The decision was made after animal rights organizations brought attention to the abuse of the donkeys, which included forcing them to carry heavy weights.
The Greek government has decided to make it illegal for overweight visitors to ride donkeys.
Tourists frequently employ donkeys as a mode of transportation all around Greece and its islands. Greek cobblestone steps, which are famous across the world and are regularly marveled at at popular tourist destinations like Santorini, can be climbed up and down for a fee by paying tourists riding donkeys.
However, this well-liked hobby will now be constrained by one’s size. The New York Daily Post reports that following complaints over the welfare of the animals, Greece’s Ministry of Rural Development and Food published new regulations regarding donkey rides.
State donkeys used for tourist rides won’t be allowed to carry anything more than 220 pounds, or around one-fifth of their own weight.
According to a government announcement on the new law:
“The owners of working equidae [donkeys] should ensure that the animals’ level of health is high. Under no circumstances should be used animals unfit for work i.e., ill animal, injured, animals in an advanced pregnancy as well as animals with poor maintenance of hooves.”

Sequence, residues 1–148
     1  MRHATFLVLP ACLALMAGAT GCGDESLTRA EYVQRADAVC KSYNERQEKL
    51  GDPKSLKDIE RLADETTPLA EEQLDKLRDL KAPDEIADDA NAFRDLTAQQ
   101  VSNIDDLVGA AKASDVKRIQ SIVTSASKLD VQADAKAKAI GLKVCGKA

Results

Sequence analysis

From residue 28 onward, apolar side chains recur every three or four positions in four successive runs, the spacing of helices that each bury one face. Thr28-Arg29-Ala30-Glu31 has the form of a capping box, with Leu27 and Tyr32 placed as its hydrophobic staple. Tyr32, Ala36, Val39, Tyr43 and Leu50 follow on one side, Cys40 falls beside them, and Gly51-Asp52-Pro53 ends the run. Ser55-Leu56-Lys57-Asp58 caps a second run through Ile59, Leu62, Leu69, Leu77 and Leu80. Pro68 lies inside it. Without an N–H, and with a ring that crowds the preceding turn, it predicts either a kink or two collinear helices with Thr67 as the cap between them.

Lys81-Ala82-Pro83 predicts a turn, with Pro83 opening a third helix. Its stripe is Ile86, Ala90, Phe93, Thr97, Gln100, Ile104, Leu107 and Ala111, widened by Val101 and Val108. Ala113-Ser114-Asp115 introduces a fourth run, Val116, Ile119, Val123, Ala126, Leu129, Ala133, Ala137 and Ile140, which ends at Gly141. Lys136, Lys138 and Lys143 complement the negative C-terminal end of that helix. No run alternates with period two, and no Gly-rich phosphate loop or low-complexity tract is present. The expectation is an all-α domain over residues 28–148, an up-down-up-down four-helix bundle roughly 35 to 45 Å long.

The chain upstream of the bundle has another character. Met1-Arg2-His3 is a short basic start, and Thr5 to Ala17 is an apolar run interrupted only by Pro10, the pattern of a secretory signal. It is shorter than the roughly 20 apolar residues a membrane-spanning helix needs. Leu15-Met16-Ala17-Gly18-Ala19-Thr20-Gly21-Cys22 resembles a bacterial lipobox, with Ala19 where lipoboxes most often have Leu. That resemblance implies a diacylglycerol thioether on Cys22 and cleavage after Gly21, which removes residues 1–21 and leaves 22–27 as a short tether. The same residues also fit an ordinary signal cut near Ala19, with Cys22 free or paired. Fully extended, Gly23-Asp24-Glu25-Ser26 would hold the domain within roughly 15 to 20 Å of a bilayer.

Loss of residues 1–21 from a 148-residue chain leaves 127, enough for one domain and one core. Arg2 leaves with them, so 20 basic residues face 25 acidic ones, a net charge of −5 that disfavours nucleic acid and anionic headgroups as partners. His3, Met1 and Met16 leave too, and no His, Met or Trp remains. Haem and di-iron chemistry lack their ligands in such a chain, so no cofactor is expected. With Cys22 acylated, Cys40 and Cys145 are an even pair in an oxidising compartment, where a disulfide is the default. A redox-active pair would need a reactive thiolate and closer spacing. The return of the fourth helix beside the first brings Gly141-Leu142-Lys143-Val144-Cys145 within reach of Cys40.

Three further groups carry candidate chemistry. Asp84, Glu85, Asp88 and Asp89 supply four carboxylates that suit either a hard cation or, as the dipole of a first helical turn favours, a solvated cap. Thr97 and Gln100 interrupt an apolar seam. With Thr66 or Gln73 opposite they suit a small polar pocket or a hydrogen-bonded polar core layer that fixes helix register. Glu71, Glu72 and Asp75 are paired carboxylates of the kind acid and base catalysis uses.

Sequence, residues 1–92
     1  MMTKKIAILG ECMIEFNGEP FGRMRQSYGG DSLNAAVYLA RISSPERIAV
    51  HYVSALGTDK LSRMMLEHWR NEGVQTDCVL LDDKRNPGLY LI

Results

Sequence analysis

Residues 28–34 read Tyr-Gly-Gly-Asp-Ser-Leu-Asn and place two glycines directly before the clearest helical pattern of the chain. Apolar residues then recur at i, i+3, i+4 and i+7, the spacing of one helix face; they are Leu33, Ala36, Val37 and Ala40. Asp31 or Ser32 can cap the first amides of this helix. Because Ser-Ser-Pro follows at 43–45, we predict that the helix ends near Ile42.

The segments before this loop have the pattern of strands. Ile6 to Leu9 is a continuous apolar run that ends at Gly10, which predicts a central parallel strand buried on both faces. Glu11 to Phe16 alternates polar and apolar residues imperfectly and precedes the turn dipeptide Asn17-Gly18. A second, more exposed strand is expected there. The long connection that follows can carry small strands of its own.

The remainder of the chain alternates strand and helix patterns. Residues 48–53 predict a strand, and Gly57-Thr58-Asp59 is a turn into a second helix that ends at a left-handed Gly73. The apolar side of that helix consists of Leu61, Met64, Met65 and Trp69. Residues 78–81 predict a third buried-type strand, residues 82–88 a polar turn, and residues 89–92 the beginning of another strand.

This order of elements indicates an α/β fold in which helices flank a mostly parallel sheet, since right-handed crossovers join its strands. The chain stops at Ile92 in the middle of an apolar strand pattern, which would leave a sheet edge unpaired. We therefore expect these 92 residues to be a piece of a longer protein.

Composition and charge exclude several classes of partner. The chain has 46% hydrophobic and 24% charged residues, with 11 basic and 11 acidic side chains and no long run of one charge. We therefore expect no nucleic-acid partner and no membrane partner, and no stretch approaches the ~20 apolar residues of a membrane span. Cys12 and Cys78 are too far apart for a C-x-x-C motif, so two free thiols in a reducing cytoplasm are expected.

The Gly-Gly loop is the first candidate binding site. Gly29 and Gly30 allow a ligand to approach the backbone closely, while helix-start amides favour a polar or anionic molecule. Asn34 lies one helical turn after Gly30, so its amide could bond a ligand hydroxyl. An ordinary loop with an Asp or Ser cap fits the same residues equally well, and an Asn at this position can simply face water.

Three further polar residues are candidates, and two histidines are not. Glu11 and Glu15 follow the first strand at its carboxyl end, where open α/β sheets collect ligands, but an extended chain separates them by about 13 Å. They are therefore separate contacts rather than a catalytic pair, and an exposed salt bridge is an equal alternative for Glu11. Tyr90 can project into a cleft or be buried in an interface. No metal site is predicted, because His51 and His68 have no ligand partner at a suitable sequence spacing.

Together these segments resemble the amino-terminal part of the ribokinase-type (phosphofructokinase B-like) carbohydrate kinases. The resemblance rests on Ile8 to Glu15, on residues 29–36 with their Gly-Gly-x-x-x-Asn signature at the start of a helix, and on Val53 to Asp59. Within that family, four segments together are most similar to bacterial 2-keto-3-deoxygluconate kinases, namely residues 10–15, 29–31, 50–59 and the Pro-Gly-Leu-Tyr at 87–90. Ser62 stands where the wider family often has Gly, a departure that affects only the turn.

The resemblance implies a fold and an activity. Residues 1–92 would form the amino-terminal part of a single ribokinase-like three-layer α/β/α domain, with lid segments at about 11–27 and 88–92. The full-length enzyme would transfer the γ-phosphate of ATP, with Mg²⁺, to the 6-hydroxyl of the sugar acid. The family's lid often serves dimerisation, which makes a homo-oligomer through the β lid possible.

Animal rights organizations claimed that the donkeys were suffering from spine injuries and open wounds as a result of carrying heavier tourists, which led to the creation of the ban.
injury on a donkey caused by an uncomfortable saddle.
In a statement, a representative for the nonprofit organization Help the Santorini Donkeys said that the issue was being brought on by “fat and overweight tourists, the lack of water and shade, the intense heat, and the 568 cobblestone steps.”
Animal rights organizations like the one stated above brought attention to the mistreatment of these Greek donkeys and generated a lot of media coverage, which in turn sparked a wave of complaints to Greek government officials.
Elisavet Chatzi, a volunteer who took part in nonviolent demonstrations in Santorini in response to the problem, is happy with this policy adjustment. She stated, “I think all our hard work has paid off. It’s a pretty huge step.
This new law seems to have had an immediate effect on Santorini. In order to avoid wearing out the donkeys, a tourist had been carried up the hill by three different donkeys the day after the advisory was published, according to Chatzi.
Nobody can predict how this new rule will be applied in Santorini and other regions of Greece, though. According to Chatzi, “The crisis in Santorini has been for a long time and cannot be fixed in a single day.”
Other advocacy organizations do not think this new law goes far enough.
The head of Direct Action Everywhere’s branch in Athens, Maria Skourta, claims that even though the regulations are in place and the new law has definitely brought attention to the issue of donkey mistreatment, donkeys are still required to carry cement, appliances, and other heavy loads.
We want to completely free the slaves, not just make their lives better, Skourta remarked.